EuroLinux for Raspberry Pi Jump Start
EuroLinux Raspberry images are made for Raspberry Pi 4 model B. The system is EuroLinux 9. The minimal images could work with older Raspberry Pi 3. But we won't support it even with 'best effort' as Raspberry Pi 3 does not meet the minimum hardware requirements for Enterprise Linux 9 or Enterprise Linux 8.
The basic credentials are the following:
SSH Root login disabled
SSH root login is disabled by default on EuroLinux 9.
The Raspberry Pi images also won't work with other ARM-64 computers as RPI images are specially tailored for this particular hardware.
Downloading and checking the images
Firstly choose the image from
The Raspberry Pi images have the
rpi-TYPE(where TYPE can be
gnome) in their names. You can download the image with
curl or with
It's advised to check the image integrity by comparing checksums. The SHA256 checksums can be found at https://fbi.cdn.euro-linux.com/images/sha256sum.txt
Example download and checksum comparison:
curl -s https://fbi.cdn.euro-linux.com/images/sha256sum.txt | grep EuroLinux-9-rpi-minimal-2023-01-02-sda.raw.xz
Flashing the MicroSD card
With the image downloaded now, it's time to flash your MicroSD card. There are multiple options, you can use:
- Raspberry Pi Imager, which requires manual compilation for the most platforms
- Balena Etcher comes as AppImage so works with nearly every Linux distribution
ddprogram, which is the most CLI-friendly way, but is also recommended for experienced users
We recommend Balena Etcher as dd might destroy the system partition or other important data if used without proper experience.
Balena Etcher is one of the most popular and easy-to-use programs that allow flashing the SD cards for Raspberry Pi. It can also create other bootable media like USB sticks and more. Firstly download the AppImage from the official Balena Etcher website - https://www.balena.io/etcher/ (Download for Linux x64).
Most file managers will run AppImage when chosen and clicked. To run it from the command line firstly change the permissions then run.
chmod 755 balenaEtcher-1.13.1-x64.AppImage
The process itself is straightforward. There is plenty of documentation/videos about the Balena Etcher, so we trust that in case of any troubles you will be able to find a solution on your own.
dd is a program that is older than Linux Kernel itself :). It is one of these
little tool that makes Linux/Unix powerful. It can be used to flash the memory
card by writing output to the memory card device.
Firstly insert the memory card into the slot. Then check with the dmesg device file that is corresponding.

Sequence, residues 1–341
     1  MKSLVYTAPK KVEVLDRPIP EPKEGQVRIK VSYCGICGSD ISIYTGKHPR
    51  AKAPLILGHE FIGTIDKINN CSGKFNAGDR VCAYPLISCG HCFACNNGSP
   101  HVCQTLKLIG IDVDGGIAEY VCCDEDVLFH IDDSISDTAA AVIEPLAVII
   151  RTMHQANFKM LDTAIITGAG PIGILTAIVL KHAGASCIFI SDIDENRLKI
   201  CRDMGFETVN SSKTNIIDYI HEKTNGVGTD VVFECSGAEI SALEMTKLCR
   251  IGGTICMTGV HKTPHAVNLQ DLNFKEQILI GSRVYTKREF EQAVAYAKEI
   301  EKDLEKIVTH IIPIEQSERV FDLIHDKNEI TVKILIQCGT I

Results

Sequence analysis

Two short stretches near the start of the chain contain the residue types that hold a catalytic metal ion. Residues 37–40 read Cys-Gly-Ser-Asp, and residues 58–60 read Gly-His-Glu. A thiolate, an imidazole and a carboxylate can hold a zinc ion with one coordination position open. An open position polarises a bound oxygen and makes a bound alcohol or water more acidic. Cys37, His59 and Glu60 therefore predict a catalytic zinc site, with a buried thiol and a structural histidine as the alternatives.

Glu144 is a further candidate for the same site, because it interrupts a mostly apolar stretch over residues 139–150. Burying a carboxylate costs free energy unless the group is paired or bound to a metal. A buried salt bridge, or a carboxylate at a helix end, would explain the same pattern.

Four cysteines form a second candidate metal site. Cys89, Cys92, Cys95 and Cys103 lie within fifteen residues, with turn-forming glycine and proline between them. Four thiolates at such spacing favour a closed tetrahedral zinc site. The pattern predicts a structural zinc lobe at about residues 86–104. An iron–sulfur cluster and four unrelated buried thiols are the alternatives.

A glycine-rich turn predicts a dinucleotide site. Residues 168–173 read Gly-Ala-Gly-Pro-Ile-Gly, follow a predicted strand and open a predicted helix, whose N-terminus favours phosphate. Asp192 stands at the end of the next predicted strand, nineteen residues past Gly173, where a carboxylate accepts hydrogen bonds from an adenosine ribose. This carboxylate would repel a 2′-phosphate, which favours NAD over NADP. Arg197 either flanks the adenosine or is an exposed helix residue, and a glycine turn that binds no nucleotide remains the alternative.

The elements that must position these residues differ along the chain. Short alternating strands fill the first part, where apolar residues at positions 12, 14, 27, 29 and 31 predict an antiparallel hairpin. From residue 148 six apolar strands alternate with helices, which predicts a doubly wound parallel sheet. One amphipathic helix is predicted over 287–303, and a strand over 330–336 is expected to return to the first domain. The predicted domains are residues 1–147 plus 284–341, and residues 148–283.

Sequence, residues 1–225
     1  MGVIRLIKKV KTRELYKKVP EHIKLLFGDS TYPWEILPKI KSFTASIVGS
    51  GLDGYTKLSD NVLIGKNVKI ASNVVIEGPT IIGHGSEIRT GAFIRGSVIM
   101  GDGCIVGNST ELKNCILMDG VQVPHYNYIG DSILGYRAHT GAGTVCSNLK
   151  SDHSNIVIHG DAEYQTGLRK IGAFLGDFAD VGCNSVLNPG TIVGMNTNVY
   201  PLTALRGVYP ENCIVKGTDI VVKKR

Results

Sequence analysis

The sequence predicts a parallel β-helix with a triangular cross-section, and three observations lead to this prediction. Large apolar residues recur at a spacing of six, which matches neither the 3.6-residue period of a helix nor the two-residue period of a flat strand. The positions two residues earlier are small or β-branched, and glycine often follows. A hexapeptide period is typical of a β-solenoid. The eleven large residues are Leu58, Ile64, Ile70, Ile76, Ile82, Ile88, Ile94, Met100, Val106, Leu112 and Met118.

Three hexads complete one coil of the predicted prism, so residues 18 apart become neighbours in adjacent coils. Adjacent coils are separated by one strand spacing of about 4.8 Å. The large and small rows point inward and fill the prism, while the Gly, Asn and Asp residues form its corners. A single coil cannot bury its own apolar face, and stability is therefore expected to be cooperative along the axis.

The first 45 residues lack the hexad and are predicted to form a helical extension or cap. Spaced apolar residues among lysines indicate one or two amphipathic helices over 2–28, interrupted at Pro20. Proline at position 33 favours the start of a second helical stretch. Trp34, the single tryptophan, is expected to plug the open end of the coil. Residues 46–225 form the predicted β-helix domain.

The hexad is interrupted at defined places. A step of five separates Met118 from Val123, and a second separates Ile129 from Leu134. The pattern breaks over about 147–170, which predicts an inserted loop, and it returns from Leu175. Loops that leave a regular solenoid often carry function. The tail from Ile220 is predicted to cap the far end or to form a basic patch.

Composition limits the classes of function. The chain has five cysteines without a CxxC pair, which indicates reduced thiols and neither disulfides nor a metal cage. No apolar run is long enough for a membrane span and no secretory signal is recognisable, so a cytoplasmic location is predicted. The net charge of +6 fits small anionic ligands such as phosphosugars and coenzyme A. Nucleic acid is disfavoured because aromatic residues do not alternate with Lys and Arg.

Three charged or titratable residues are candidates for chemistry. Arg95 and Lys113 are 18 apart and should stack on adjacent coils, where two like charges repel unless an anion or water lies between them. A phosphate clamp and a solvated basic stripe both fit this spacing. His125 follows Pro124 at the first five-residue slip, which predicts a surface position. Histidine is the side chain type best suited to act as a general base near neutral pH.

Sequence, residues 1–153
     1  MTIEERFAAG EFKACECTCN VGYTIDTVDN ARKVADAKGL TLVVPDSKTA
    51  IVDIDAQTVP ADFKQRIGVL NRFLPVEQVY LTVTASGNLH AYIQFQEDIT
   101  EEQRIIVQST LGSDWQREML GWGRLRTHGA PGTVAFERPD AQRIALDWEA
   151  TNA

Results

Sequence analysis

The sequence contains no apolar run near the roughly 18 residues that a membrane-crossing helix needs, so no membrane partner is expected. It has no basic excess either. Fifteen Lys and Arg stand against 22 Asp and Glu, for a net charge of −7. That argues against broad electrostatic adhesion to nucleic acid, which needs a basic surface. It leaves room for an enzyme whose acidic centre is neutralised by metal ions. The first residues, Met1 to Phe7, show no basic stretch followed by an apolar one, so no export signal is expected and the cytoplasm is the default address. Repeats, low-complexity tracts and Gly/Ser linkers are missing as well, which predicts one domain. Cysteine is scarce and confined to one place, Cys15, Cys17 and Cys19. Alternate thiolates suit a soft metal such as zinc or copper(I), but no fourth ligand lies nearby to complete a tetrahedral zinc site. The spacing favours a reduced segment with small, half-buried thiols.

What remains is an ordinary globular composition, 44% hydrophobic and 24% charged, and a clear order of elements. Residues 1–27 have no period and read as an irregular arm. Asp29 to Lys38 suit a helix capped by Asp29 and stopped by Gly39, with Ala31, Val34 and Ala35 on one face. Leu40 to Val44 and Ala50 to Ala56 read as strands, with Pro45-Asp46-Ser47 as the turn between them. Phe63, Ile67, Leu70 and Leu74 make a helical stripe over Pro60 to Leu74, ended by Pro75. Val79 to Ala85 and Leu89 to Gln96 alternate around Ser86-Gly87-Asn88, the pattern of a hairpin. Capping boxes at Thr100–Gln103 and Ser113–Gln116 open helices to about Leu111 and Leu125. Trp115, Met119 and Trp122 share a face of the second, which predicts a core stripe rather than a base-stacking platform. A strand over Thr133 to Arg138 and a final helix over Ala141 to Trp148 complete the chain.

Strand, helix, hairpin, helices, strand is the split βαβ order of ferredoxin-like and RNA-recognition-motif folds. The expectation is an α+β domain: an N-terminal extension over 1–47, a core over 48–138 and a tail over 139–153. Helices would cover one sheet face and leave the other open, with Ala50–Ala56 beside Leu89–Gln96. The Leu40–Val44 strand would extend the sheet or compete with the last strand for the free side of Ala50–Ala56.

The dmesg will inform about partition:
[ TIME] scsi 0:0:0:0: Direct-Access Generic Mass-Storage 1.11 PQ: 0 ANSI: 2
[ TIME] scsi 0:0:0:0: Attached scsi generic sg0 type 0
[ TIME] sd 0:0:0:0: [sdX] 250347520 512-byte logical blocks: (128 GB/119 GiB)
[ TIME] sd 0:0:0:0: [sdX] Write Protect is off
[ TIME] sd 0:0:0:0: [sdX] Mode Sense: 03 00 00 00
[ TIME] sd 0:0:0:0: [sdX] No Caching mode page found
[ TIME] sd 0:0:0:0: [sdX] Assuming drive cache: write through
Where sdX is your SD card. To write you first need to decompress the image with
xzcat command and then pipe output to the dd (writing to the device
requires root privileges, that's why there is sudo).
xzcat /path/to/image/image.raw.xz | sudo dd status=progress oflag=sync bs=4k of=/dev/sdX
xzcat ~/Downloads/EuroLinux-9-rpi-minimal-2023-01-02-sda.raw.xz | sudo dd status=progress oflag=sync bs=4k of=/dev/sda
Booting from USB.
EuroLinux 9.1 can be natively booted from USB on Raspberry Pi 4. You should flash your USB stick/disk in the same manner that you flash a micro SD card.
Early-produced RPI 4 might require firmware update.
Early-produced Raspberry Pi 4 might require a firmware update before booting the system from the USB.
Wifi adapter works out-of-box. It's trivial to configure it from a desktop (Gnome). To configure the WIFI from the console you can use the following commands.
Firstly find the SSID (WIFI name) that you want to use:
nmcli d wifi list
Then you can provide a password on the command line (note password will be saved in bash command history)
nmcli d wifi connect WIFI_NAME password PASSWORD
or if You want to be prompted for the password
nmcli d wifi connect WIFI_NAME --ask
Note that your RPI will automatically connect to the WIFI after reboot.
Disable the powersave mode on the Raspberry Pi WIFI card
The Raspberry Pi WIFI card by default enters powersave mode when there is not much going on. Some users reported a problem with broken SSH sessions and other closed connections due to this feature. To disable power save mode use the following command
iw wlan0 set power_save off
The problem with this solution is that this state won't survive system reboot. To fix that issue during startup you can add a network manager dispatcher script that will disable power_save on boot. Put the following script:
if [[ $interface != "wlan0" ]] || [[ $event != "up" ]]
iw wlan0 set power_save off
add the execution permission
chmod +x /etc/NetworkManager/dispatcher.d/iw-wlan0-disable-powersave.sh
Enabling the I2C (I²C - Inter-Integrated Circuit)
To enable i2c you have to add the
i2c_arm with flag
dtparam to the
The following script can be used:
echo 'dtparam=i2c_arm=on' | sudo tee -a /boot/config.txt
We also recommend installing i2c-tools.
sudo dnf install -y i2c-tools
After this changes, you have to reboot the system to start i2c.
Enabling SPI (Serial Peripheral Interface).
To enable SPI you have to add
spi with flag
dtparam to the
echo 'dtparam=spi=on' | sudo tee -a /boot/config.txt
If You want to leave feedback/request for change/bug report on EuroLinux Raspberry Pi images please use the https://github.com/EuroLinux/raspberry-pi-build repository.
If believe that something important from the documentation is missing don't hesitate to create issue in this documentation repository.